It Feels Like Knowing A Secret
- story by Rheta Grimsley Johnson, photography by Martyn Lucas
Of the hundreds of decisions that had to be made quickly when my late husband Don Grierson died, only one was easy. I knew exactly where to scatter the ashes retrieved from the funeral home in an ugly brownish plastic box that looked like a cheap canister for flour.
Without announcing my intentions, I got into my old red pickup truck before dawn one September day and drove the eight hours from my hollow in Hill Country, North Mississippi, to Henderson, Louisiana, a workaday town on the Atchafalaya Basin. I got there around sunset, first day of duck season, coincidental timing but appropriate. Don was a duck hunter. He dearly loved the swamp.
Across the Bridge
Greg hooked his trailer and skiff to my truck and we were off, to Bayou Benoit, a beautiful spot in the Atchafalaya. We hummed into a spectacular sunset, Greg stopping near a cypress grove and simply nodding. Then he was quiet, almost invisible, as I scooped ashes a handful at a time and cast them like a net made of sand into the water.
“Knowing the Atchafalaya feels like knowing a secret,” Greg has written. And it does. I’ve found I don’t willingly share that secret with everyone, which perhaps is small of me. But too many times friends or relatives would visit our Henderson duck camp and miss the point. They would be looking for New Orleans, or Disney Cajuns, or something – I’m not sure what -- besides the natural beauty, which is the whole and absolute point. And besides, for me now it’s a family cemetery.
Mutual friends told me Martyn Lucas of Pass Christian wanted to photograph the swamp. “Who doesn’t?” I thought.
But then I saw Martyn’s work, his icebergs in Antarctica and the Arctic, his mostly black and white and profoundly true photographs of the natural world from all over the world. And I was eager to help.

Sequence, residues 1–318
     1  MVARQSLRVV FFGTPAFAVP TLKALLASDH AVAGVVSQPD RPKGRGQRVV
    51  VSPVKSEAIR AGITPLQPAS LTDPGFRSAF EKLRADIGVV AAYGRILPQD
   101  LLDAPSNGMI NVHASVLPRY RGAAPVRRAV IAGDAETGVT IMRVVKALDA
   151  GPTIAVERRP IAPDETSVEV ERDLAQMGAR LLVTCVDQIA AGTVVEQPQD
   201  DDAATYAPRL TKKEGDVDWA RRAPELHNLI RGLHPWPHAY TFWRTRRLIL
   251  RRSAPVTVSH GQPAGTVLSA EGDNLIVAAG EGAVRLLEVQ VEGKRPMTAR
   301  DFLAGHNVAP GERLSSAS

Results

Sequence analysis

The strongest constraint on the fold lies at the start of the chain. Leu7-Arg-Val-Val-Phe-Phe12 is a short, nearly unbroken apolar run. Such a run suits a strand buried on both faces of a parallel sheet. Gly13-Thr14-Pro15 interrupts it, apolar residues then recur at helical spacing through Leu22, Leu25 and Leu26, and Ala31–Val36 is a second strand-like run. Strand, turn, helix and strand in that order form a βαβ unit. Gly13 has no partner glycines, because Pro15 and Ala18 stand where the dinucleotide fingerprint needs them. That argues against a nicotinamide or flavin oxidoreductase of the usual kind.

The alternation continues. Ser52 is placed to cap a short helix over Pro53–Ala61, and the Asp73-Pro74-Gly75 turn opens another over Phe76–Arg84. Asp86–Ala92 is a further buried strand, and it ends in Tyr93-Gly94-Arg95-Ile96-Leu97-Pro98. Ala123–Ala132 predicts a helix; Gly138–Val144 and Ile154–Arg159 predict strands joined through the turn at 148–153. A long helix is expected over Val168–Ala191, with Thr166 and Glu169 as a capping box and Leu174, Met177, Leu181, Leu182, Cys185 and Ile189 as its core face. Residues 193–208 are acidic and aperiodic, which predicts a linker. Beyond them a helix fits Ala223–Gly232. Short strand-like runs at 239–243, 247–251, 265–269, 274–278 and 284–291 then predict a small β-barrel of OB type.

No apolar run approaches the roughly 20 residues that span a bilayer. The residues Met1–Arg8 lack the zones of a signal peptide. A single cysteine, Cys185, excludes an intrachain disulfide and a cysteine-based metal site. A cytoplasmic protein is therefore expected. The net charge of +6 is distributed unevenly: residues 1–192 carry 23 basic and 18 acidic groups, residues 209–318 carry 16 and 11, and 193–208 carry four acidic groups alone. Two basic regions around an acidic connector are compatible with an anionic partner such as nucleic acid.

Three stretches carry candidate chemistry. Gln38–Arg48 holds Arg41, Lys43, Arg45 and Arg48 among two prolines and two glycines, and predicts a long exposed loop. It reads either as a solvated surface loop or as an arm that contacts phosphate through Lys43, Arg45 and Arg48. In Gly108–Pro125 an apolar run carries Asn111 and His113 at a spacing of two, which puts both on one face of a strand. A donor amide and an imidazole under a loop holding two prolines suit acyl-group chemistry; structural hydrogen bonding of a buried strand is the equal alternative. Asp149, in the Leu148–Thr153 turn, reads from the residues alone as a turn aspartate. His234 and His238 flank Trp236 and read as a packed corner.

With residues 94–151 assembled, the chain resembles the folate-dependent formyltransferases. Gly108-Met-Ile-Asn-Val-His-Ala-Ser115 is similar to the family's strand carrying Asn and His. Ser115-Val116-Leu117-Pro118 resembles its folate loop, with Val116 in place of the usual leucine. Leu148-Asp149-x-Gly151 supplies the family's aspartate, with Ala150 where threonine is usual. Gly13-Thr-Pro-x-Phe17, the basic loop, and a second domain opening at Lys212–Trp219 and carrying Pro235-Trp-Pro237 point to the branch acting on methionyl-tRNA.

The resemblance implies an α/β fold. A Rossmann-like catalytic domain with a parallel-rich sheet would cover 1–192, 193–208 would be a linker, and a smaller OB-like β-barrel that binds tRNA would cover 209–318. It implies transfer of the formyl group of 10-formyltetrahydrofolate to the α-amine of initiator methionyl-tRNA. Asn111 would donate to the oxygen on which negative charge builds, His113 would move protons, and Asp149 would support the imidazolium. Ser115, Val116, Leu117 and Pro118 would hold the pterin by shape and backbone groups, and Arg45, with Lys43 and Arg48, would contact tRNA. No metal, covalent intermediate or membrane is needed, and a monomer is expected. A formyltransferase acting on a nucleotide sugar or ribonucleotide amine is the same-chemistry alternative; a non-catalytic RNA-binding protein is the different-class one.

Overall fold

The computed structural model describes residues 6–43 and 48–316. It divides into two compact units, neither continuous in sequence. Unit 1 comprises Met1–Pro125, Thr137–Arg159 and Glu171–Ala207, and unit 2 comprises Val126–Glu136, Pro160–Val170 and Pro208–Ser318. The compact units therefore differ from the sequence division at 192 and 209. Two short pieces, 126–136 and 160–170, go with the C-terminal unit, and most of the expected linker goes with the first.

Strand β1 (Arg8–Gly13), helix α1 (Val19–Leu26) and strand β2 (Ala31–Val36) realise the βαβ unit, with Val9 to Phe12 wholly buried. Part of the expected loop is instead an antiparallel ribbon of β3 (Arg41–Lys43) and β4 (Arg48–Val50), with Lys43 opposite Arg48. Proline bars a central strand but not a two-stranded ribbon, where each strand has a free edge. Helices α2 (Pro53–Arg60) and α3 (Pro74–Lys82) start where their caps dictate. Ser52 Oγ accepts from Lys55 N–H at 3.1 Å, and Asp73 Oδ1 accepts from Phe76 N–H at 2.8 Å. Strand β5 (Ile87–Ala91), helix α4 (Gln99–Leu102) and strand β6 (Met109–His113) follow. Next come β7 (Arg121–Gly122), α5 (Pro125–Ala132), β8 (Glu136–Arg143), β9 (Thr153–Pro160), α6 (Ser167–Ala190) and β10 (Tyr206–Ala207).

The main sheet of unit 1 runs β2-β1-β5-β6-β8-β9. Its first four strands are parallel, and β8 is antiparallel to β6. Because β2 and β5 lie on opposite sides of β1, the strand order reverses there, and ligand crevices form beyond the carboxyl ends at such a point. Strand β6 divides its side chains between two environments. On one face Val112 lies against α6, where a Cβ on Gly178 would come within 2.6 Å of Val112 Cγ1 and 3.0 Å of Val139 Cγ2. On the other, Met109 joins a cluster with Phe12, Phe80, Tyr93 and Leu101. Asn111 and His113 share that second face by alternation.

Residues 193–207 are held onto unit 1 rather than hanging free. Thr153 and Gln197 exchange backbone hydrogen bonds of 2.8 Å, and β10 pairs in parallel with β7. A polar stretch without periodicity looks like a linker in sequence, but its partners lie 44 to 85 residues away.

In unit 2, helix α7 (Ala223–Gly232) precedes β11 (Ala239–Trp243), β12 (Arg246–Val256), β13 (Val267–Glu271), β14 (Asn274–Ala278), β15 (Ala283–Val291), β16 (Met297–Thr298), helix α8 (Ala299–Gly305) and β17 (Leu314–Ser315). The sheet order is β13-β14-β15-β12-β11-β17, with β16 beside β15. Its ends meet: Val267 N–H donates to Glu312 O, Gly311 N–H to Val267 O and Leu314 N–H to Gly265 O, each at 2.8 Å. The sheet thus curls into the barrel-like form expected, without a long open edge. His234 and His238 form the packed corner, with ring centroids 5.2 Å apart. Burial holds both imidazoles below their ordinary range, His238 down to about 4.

Sure enough, Martyn fell in love. With the trees. With the swamp. With the people he met, with his guides Roy and Annie Blanchard. When he spoke or wrote about that first visit, you could almost hear Martyn hitting his palm against his forehead. After all, he’d traveled the world, exotic and faraway locations, but never been to the Atchafalaya.
“There was always an excuse,” he says, “it’s the summer, too hot and way too humid. The lure of the American Southwest, the excitements of Antarctica and the unknown regions of the Arctic.”
It was, he says, “time and my own impermanence” that finally made him decide to go and see the trees. “It is almost like a place to go and worship … something that exudes spiritualism.”
Martyn takes full advantage of the new camera technology, “which allows infinite control and repeatability,” yet there’s something pleasingly old-fashioned and thus profound about his photographs. They are not unlike a Karsh portrait, only his subjects are icebergs or cypress trees, but every bit as full of personality as a Winston Churchill or Fidel Castro.
“I use the camera to make sense and make art of the world,” Martyn has said, and it is true. Influenced by Ansel Adams, Michael Kenna and John Sexton, among others, Martyn’s photographs are like Hemingway prose. They are unadorned by dizzy color or frenetic activity.
A gregarious and generous man, Martyn grew up in England using his father’s black and white darkroom and learning “how to compose by the contrast of light and dark….” He is obsessed, not unlike Greg Guirard, with the environment and what is at stake in the natural world.
Martyn’s past focus had been the polar bear and the Arctic sea ice. Greg’s, for decades, has been the swamp. Both despise the political and business interests that are hastening the erosion of the environment. In one case, the sea ice is melting. In the other, the wetlands are disappearing. But climate change is the culprit, the evil common denominator.
One way to fight the urgent scenario is to capture the beauty of what will be lost. That is what Martyn does to perfection.
He likes to quote Charlie Parker, who said, “Music is your own experience, your thoughts and your wisdom. If you don’t live it, it won’t come out of your horn.”
Martyn Lucas is living it, and the silent music is deafening.